Claudio Monteverdi’s L’incoronazione di Poppea is one of the oldest operas still known and performed today and yet it translates to modern times better than most. It is inspired by Tacitus’ account of Nero, who repudiates his wife Ottavia and orders Seneca’s suicide in order to marry Poppea Sabina, wife of the nobleman, Ottone. Violating all rules of literary morality, the libretto, by Gian Francesco Busenello, celebrates the infamous couple’s crimes as the triumph of love. Monteverdi’s music vividly describes the strongly sexual nature of Nero and Poppea’s relationship, Nero’s folly, Ottone’s desperation and murderous scheming, Ottavia’s dignified grief in her humiliation. But ultimately, Nero and Poppea triumph, she is crowned empress of Rome, and they get one of the most beautiful and sensual love duets ever written, “Pur ti miro”.

Julie Fuchs (Poppea)
© Monika Rittershaus (2018)

Calixto Bieito’s production, revived from 2018, focuses on negative emotions. Poppea’s girlish excitement in her love affair with the emperor becomes pure scheming ambition, and even the tender, rapturous moments between her and Nero are depicted as rough sex. Ottone’s happiness in coming back to his beloved Poppea (“Eppur io torno qui”) is arrogant presumption, his desperation in finding her in Nero’s arms is rage and scorn. Ottavia’s grief quickly turns from dignified to furious, her desire for vengeance consuming her. Even the minor character of Valletto, when he mocks Seneca with light humour – calling him “cunning philosopher, illuminator of great ideas” – is here enraged, screaming, throwing things, one wonders why this young page is so angry with the old man. Perhaps the message is that everybody is a “bad guy”, everybody is motivated by selfishness and depravity. This interpretation does fit the story, but it deprived us of some fine singing, for example from Julie Fuchs (Poppea), who I would have loved to hear in some more lyrical passages.

L’incoronazione di Poppea in Zurich
© Monika Rittershaus (2018)

The stage, designed by Rebecca Ringst, consists of an oval, lit catwalk with the orchestra in the middle. The Opernhaus had to rearrange the orchestra stalls to fit it in, so that some of the audience was sitting behind the orchestra. The backdrop was a giant video, and a great number of video screens were on the side of the catwalk (video design by Sarah Derendinger), showing either details of the scene, filmed live by a camerawoman, or side-scenes illustrating (often gruesome) details the plot – Nerone and Poppea in a bubble bath together, Seneca dying in a hot tub, Drusilla being savagely beaten by Nero’s guards. The video presence was overwhelming and often distracting, but the whole concept fits together with a sense of unity.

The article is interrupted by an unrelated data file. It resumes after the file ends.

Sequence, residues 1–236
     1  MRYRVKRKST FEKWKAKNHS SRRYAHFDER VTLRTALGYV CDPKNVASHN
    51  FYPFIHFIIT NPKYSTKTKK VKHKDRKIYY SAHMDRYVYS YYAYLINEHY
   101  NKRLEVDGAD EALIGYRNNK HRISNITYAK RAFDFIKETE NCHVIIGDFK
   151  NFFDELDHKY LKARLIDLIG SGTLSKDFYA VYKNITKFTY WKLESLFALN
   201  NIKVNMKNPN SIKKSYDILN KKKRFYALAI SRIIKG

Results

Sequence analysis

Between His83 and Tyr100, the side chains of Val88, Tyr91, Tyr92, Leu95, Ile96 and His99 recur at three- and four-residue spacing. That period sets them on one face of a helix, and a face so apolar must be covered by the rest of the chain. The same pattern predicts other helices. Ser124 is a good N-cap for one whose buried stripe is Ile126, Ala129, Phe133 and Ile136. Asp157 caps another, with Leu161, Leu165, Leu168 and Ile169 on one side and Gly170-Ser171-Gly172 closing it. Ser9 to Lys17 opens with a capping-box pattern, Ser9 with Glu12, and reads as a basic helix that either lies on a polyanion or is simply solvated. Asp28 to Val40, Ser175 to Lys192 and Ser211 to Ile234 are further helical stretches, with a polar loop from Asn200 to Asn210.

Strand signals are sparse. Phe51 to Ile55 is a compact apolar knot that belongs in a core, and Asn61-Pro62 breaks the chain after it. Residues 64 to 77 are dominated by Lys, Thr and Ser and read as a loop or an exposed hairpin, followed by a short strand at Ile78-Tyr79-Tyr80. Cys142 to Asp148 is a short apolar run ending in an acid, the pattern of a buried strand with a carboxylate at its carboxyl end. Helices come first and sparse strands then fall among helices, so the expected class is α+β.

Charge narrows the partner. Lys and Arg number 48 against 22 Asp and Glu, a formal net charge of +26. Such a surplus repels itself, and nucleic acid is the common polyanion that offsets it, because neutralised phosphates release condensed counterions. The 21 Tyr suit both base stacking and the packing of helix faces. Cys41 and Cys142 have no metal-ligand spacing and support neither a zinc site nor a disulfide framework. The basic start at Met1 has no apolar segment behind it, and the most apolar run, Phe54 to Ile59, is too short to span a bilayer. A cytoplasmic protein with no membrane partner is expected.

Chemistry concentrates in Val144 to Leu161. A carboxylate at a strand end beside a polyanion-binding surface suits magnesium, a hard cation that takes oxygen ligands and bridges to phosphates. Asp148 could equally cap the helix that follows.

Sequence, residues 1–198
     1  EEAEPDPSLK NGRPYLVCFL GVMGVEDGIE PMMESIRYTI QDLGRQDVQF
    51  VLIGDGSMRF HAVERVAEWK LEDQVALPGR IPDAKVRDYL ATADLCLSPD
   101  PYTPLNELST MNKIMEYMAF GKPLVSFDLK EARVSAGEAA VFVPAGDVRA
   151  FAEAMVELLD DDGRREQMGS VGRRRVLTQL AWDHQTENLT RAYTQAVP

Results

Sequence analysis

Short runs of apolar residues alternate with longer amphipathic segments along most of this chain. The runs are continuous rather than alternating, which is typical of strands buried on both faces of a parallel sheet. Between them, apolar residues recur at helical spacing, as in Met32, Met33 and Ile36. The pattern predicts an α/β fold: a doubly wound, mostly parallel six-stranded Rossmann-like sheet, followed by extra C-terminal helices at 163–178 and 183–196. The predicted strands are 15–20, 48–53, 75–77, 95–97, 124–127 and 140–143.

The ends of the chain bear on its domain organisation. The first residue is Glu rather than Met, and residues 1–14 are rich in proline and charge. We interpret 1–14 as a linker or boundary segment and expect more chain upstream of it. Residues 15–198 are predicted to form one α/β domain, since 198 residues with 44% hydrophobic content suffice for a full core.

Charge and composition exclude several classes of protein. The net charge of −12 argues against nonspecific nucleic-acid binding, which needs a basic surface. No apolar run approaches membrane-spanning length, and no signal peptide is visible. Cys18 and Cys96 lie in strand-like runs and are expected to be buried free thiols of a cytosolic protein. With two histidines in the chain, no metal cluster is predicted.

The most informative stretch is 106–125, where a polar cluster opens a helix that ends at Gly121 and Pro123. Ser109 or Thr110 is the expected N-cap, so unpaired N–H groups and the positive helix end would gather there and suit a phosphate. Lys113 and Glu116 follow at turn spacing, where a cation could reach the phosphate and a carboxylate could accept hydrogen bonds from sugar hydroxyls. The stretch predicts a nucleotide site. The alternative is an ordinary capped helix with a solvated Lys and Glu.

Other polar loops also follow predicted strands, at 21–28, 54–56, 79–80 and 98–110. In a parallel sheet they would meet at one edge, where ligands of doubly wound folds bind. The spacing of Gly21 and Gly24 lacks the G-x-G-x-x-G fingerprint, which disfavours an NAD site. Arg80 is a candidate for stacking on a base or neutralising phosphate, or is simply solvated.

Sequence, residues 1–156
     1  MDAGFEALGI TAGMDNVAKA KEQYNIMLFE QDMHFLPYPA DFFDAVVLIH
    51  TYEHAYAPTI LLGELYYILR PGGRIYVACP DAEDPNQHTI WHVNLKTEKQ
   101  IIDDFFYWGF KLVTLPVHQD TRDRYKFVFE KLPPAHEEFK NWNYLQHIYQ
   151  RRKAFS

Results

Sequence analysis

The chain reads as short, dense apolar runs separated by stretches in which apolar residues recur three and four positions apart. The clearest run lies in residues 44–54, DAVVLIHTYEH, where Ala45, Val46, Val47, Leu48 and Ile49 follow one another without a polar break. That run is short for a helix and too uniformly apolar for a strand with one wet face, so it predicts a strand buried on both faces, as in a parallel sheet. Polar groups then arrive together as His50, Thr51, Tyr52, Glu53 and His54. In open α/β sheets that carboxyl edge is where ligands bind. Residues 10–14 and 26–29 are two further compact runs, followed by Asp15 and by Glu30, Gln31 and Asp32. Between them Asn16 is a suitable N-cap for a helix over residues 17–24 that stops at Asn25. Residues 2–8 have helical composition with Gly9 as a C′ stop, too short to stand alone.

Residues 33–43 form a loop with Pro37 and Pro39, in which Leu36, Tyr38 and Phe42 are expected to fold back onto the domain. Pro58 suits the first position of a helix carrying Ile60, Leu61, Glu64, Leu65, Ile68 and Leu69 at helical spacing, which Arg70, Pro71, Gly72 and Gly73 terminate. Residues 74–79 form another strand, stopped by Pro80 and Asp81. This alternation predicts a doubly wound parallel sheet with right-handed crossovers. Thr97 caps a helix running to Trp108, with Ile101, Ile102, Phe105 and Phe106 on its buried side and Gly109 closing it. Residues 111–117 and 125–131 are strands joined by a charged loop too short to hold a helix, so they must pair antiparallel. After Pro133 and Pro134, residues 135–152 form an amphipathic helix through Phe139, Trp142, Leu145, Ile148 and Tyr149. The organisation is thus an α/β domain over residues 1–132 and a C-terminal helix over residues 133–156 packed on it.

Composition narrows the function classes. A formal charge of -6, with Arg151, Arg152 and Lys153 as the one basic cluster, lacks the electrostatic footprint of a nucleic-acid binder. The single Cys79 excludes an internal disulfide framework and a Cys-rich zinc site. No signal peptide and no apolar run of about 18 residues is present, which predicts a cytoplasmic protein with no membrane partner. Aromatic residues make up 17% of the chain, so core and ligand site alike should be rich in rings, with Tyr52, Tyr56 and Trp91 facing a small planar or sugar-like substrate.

David Hansen (Nerone) and Julie Fuchs (Poppea)
© Monika Rittershaus (2018)

Ottavio Dantone conducted La Scintilla in a reading of the score which somewhat matched the dramatic production, more forceful than delicate. The overall result was extremely good, the sound was beautiful and stylish, with special mentions for Simon Linné (archlute), Rosario Conte (theorbo and guitar), and the fantastic cornettos. Julie Fuchs’ beautiful, silvery soprano was put at the service of a hyper-sexualized, power-hungry Poppea, with convincing results. She showed great chemistry with David Hansen (Nero) in the many sexual scenes. Hansen’s countertenor had some sharp edges, especially in the high register, and he seemed to have problems with his emission, which sounded quite unnatural, and his Italian pronunciation suffered. I honestly did not understand a single word he sang, which, in Monteverdi, is especially unfortunate, because the recitar cantando style requires clear diction and shaping of sentences. His interpretation of Nero as insane, and completely over the top, was credible and effective. Emily d’Angelo (Ottavia) was a nice surprise for me, a young singer with a very smooth, powerful mezzo, who left a strong impression. A name to follow.

Julie Fuchs (Poppea) and Delphine Galou (Ottone)
© Monika Rittershaus (2018)

Ottone was Delphine Galou, who was perhaps the most enjoyable singer of the evening. The natural elegance of her bronzed contralto shone through her overly rough portrayal of the betrayed Ottone, and her musical taste kept her away from exaggerated vocal antics. Miklós Sebestyén sang Seneca with a deep bass which exuded authority and charisma; his death scene was one of the few moving moments. Drusilla, Ottone’s new love interest, was a bubbly Deanna Breiwick, a beautiful soprano voice who has great stage presence.

Monteverdi’s masterpiece features a plethora of minor characters. I must mention Jake Arditti (Cupid) whose bright countertenor was beautiful and precise, and Thomas Erlank who sang the poet Lucano with a light but powerful tenor. Tenor Emiliano Gonzalez Toro was Arnalta, Poppea’s old nurse: the old woman sung by a tenor is a comical trope of this period. Gonzalez Toro did a very good job with a powerful voice and good interpretation. He was still presented as a man, which clashed with the words he was singing, but we were served the usual cheap trick of the surtitles showing different words, to “fix” the inconsistencies. 

***11